I was exposed to jazz throughout my childhood but only in my early teens did I become actively interested. Still, it was odd at first, I was more intrigued than in love. 'Round Midnight, a standard written by Thelonious Monk was my first love. It was catchy, dark, melancholic and bluesy at once. The first version I heard was performed by Monk himself, it was a live recording. I was able to rediscover the tune again and again,. Every interpretation of it retains some of the tune's haunting sensitivity. Miles Davis recorded one of the best renditions, and then there is the one I'm sharing with you here, not very well known: Joe Henderson, live at the Junk Clubin Japan, '71. It starts of with a long saxophone introduction. The space and silence in between the notes is very magnetic. Henderson was joined that night by a group of local Japanese musicians, not known internationally, and everyone is performing at their peak.
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Gnomenreigen by Franz Liszt (1811-1886). This is a short piano piece. Liszt wrote some of the most virtuosic music for piano. He is a wonderful example of someone who had it all. He was widely successful and hailed as one of greatest composers as well as the most accomplished pianist the world had known. He was an influential teacher who mentored many performers and composers. On top of that he lead a happy life, was charming and good humored.This is a great interpretation and I wanted to share that with you because it's such a great example of mastery and the complete symbiosis between the performer and his instrument. The buoyancy of the hands on the keys and the elegance in this video are irresistible.
Today, two songs written and performed by Jacques Brel. Jacques Brel was a Belgian songwriter, although the French have long claimed his music part of they own cultural heritage. He is a master of telling stories through songs and using words in a very powerful manner. I always find it mesmerizing to watch him perform or even simply talk. His intensity and presence makes it impossible to remain unmoved or indifferent.If you understand French you will enjoy the songs even more. Either case I chose clips that had English subtitles so you can appreciate the combination of the words with the music.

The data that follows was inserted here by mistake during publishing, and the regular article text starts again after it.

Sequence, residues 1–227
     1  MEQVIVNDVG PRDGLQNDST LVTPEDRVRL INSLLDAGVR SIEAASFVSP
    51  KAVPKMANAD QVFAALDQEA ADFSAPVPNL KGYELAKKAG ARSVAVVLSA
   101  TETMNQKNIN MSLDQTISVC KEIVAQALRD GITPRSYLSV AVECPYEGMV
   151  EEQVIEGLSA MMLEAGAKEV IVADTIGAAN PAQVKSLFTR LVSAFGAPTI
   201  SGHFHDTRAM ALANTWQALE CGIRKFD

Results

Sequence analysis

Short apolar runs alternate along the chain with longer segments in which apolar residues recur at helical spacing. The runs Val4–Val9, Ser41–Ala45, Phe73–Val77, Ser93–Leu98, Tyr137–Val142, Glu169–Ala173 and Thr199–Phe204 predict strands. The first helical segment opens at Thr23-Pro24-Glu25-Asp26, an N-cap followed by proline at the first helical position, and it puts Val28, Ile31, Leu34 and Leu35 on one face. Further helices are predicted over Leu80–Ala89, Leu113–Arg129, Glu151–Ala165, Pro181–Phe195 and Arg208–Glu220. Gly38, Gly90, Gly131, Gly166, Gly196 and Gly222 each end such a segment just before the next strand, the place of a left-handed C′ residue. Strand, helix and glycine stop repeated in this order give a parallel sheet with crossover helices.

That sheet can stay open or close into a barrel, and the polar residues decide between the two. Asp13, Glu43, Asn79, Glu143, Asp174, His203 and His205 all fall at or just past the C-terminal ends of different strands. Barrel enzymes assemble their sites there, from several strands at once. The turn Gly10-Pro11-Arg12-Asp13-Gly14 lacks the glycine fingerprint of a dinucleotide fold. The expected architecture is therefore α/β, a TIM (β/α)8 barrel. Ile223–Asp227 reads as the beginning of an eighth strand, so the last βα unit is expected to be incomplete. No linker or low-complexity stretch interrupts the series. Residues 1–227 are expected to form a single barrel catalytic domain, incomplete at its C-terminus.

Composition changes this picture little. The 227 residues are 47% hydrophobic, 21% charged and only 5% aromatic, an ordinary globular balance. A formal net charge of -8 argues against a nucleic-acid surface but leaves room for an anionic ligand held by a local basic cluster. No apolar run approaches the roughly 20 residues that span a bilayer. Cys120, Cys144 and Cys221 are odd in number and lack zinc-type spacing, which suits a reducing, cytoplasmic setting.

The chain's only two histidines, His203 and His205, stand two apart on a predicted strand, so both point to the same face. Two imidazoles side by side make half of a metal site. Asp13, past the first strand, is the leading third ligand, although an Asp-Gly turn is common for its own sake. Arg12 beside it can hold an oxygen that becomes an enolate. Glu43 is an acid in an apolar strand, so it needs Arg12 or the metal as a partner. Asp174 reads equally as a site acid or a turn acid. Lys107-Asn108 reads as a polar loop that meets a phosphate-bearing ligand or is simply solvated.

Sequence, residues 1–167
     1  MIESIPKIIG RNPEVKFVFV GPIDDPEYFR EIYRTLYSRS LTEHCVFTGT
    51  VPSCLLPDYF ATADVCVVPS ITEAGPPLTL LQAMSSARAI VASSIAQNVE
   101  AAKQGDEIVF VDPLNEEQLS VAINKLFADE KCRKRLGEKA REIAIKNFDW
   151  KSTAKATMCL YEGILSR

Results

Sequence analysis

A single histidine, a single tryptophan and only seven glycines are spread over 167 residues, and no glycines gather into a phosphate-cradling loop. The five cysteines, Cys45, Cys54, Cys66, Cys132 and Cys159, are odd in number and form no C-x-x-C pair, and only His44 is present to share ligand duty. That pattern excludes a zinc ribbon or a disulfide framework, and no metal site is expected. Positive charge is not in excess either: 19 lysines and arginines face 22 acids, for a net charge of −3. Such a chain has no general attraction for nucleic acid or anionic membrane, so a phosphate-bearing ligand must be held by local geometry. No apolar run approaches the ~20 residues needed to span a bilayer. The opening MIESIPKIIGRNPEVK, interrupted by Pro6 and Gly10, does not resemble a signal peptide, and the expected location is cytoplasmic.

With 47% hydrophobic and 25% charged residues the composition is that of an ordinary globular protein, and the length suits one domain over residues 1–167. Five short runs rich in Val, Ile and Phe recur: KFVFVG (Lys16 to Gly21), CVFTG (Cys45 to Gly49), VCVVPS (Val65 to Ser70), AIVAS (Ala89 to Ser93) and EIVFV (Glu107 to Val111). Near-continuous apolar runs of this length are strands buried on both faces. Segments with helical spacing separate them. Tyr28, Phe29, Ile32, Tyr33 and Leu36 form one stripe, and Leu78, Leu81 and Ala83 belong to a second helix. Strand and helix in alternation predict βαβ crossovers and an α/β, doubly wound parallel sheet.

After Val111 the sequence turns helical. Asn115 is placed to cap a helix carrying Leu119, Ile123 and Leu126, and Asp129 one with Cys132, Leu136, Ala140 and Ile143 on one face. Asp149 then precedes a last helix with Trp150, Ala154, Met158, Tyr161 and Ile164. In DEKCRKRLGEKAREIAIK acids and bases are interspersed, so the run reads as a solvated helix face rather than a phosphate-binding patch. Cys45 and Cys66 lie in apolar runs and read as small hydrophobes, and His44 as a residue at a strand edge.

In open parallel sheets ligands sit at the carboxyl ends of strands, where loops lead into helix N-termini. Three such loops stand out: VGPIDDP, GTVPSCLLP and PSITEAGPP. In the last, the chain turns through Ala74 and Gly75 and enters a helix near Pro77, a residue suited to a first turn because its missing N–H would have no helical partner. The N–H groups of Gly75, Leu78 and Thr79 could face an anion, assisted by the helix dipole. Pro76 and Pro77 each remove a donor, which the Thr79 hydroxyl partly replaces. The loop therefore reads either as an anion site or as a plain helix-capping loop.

And "Ne me quitte pas", one of his most famous songs. It was translated in English (as "If You Go Away" although the correct translation simply means "do not leave me") and then interpreted by almost everyone from Frank Sinatra to Nina Simone and Barbara Streisand.
For a gloomy day:This is one of the most heartbreaking, sad and beautiful arias ever written. If you want to cry, this is it! It is taken from Purcell's opera Dido and Aeneas which was first performed in 1688. If you ever thought that baroque music was devoid of sentimentality (or chromaticism) this will give you a completely new perspective.
(--> aria starts at 1:07)
When I am laid, am laid in earth, May my wrongs create No trouble, no trouble in thy breast; Remember me, remember me, but ah! forget my fate. Remember me, but ah! forget my fate.
One of my favorite episode in music. From Wagner's Meisersinger von Nürnberg.
Mahalia Jackson with the Duke Ellington Orchestra:
Check out Stéphane Wrembel, a great guitarist from France. I saw him perform with his band in Maplewood, NJ the other. I got to meet him recently as we worked together on one of my songs and a video.
This is a live video of him performing with his group in New York. The tune that they are performing, "Bistro Fada" is a piece that he wrote as the theme songs for Woody Allen's film "Midnight in Paris".
This is one of my all time favorites and I’m excited to share it.In 1976 Wayne Shorter released “Native Dancer”, a stunning and unconventional album. It was a fusion of jazz and Brazilian music, not however Bossa Nova. The album is a collaboration with Milton Nascimento, one of the most popular Brazilian singer-songwriters, and most of the album’s music consists of Milton’s songs backed up by Wayne Shorter’s jazz/rock/fusion sensibilities of the time. It’s a wonderful album and the song “Tarde” is one of my favorite tracks. The harmonies are rich and beautiful and Wayne Shorter’s solo is haunting. Herbie Hancock is also on the bill.